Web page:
Saudi Arabia, Turkey and Jordan, in the region surrounding Syria, are the countries capable of tipping the balance and disciplining the pro-regime Shabiha militia.
This solution does not need a miracle; rather all that is required is for the Syrian opposition to be given political and international legitimacy, namely through the recognition of the Syrian National Council [SNC]. If the SNC were provided with buffer zones in Jordan and Turkey, they could resist and surround the pro-regime Shabiha militia from the north and the south, namely via Bab al-Hawa and Jisr ash-Shugur in the north and Deraa in the south. In addition to this, it would also not be difficult or costly to arm the Free Syrian Army [FSA], providing it with weapons like RPGs in order to counter the al-Assad regime’s helicopters.
Indeed merely providing explicit political support and weapons to obstruct the free movement of the al-Assad regime’s tanks and aircraft would be more than sufficient to topple the regime. This would allow the Syrian opposition to redress the mismatch of forces and increase the defections from the al-Assad regime.
We do not need international or regional “consensus” in order to support the Syrian people; particularly as such “consensus” has never and will never be achieved.
Following Saddam Hussein’s invasion of Kuwait, no international consensus was obtained to drive Saddam’s troops out of Kuwait. Anyone who looks at history, and reviews the arguments that were made at the time, can clearly see this. When the Muslims in Bosnia were being massacred by the Serbs, no international consensus was obtained to support the Bosnians. Indeed, the Russians – at the time – supported Belgrade against the Muslims. If we had focused all our attention on convincing the Russians to change their position, we would still be in the midst of the Balkan crisis today, whilst massacres would still be taking place throughout Bosnia and Herzegovina!
Those who fear civil war breaking out in Syria, if the opposition is armed, or Sunni extremists coming to power, like US President Barack Obama or Egyptian Foreign Minister [Mohamed Kamel Amr], are giving Bashar al-Assad the green light to continue to pursue his military campaign and butcher more Syrian women and children, in the same manner as what happened recently in Homs.
They must realize that the al-Assad regime was not overthrown by the efforts of the first Dabi mission [Arab League monitoring delegation], nor will it be toppled by the “second Dabi mission” which is headed by Kofi Anna today, as described by my colleague Iyad Abu Shackra in his own column for Asharq Al-Awsat.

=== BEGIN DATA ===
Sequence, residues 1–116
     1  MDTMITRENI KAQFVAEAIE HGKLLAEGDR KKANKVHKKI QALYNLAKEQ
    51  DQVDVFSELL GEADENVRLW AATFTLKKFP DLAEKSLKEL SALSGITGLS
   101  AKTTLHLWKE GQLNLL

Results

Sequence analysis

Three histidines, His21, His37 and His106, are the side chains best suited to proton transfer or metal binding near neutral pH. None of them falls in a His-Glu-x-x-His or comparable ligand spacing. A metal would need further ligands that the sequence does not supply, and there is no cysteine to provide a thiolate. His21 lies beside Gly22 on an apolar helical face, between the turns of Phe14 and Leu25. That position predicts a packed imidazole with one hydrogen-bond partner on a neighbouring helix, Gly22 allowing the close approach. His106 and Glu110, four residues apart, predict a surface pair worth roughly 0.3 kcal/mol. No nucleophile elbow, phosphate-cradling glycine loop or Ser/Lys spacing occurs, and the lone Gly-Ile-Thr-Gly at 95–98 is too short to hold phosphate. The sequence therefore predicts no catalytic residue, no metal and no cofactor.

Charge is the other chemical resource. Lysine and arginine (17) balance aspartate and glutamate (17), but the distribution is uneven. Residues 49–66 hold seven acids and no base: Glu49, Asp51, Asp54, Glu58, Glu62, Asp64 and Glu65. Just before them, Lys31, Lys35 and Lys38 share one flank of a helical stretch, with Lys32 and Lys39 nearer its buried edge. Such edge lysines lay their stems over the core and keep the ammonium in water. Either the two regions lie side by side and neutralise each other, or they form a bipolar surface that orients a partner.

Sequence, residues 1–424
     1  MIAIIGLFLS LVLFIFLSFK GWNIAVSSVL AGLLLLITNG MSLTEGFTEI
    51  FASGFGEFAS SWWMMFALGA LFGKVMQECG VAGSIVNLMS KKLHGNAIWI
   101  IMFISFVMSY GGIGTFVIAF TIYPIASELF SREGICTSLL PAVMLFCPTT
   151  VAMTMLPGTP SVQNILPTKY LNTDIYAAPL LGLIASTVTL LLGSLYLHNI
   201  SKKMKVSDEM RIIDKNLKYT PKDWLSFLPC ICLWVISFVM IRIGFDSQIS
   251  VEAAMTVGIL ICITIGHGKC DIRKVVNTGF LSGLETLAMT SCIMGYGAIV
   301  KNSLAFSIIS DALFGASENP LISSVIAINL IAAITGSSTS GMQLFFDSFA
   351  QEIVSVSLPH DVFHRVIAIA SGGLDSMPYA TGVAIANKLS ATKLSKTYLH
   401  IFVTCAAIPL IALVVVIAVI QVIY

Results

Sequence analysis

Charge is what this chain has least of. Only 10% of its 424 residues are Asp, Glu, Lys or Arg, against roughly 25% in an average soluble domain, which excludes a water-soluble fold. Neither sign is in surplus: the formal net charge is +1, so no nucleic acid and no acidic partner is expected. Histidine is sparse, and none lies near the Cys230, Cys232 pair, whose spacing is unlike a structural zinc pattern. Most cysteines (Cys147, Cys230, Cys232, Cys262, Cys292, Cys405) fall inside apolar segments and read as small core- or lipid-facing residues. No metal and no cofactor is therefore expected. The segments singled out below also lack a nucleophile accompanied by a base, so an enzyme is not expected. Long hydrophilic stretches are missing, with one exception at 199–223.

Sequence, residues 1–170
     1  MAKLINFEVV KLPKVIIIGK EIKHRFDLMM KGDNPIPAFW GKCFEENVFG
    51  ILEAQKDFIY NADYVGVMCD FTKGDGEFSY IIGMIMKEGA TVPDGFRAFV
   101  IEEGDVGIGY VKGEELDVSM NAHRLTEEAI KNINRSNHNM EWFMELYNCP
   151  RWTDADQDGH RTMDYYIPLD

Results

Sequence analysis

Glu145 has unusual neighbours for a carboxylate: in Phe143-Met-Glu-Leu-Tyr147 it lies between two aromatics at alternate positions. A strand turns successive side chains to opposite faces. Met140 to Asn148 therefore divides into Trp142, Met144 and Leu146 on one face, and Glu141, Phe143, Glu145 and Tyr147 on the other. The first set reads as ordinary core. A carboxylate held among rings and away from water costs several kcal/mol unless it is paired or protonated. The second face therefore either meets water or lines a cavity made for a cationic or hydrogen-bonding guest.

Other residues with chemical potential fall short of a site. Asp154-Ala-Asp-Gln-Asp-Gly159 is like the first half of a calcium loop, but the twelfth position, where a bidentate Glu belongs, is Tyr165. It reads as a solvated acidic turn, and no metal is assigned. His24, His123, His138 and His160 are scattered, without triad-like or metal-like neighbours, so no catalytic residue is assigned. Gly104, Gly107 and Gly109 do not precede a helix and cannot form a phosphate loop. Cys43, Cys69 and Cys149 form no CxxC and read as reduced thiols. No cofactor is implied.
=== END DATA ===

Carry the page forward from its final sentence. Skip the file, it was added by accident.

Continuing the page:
On the contrary, the international reluctance to carry out clinical airstrikes against Syria, as suggested by US Senator John McCain, only serves to incite the Syrian revolution, as it will provoke the Syrian revolutionaries to take the decision to respond with violence to avenge the massacres that are being committed by the regime. This regime has never stopped promoting sectarian violence and inciting the fears of Syria’s minorities.
The Syrians won’t stop protesting no matter how long it takes. However, the most extreme voice will win in the end, particularly as the world has turned its back on the tragedies being suffered by the Syrian people.
Protests started peacefully in Syria, but after a whole year passed with conspiracies, international procrastination, successive missions and ridiculous Arab League solutions, the FSA and the military dimensions of this battle have emerged.
If this undervaluing of the tragedy being suffered by the Syrian people persists, we won’t be able to blame the opposition if it turns to military and security escalation, or even if it turns to extremist political discourse which could go beyond the borders of the Syrian State.
In summary, it would be wrong if anyone in the world or the region assumes that time alone is capable of aborting the Syrian revolution. No, this revolution will only get stronger and nastier, particularly with the international community letting down the Syrian people and proposing paltry solutions.
We must brace ourselves for another chapter of bloodshed, tears, and instability in Syria. Within a few months, such missions and political solutions might be viewed as nothing more than empty political talk, far removed from reality.
Regional and international countries can still introduce some initiatives, but time is running out, and we may soon be crying over spilt milk.
In summary, let’s forget about the Russians and the Chinese, Obama’s reluctance to take action, and the conspiracy theories being espoused by some Arab parties. Those who are willing to take action and who believe in the Syrian revolution should act now: namely Saudi Arabia, Qatar, Kuwait, the UAE, Jordan and Turkey. At the very least, those of the above who are ready to take the initiative must do so now!
Reaching a consensus is impossible. Those who are ready should act.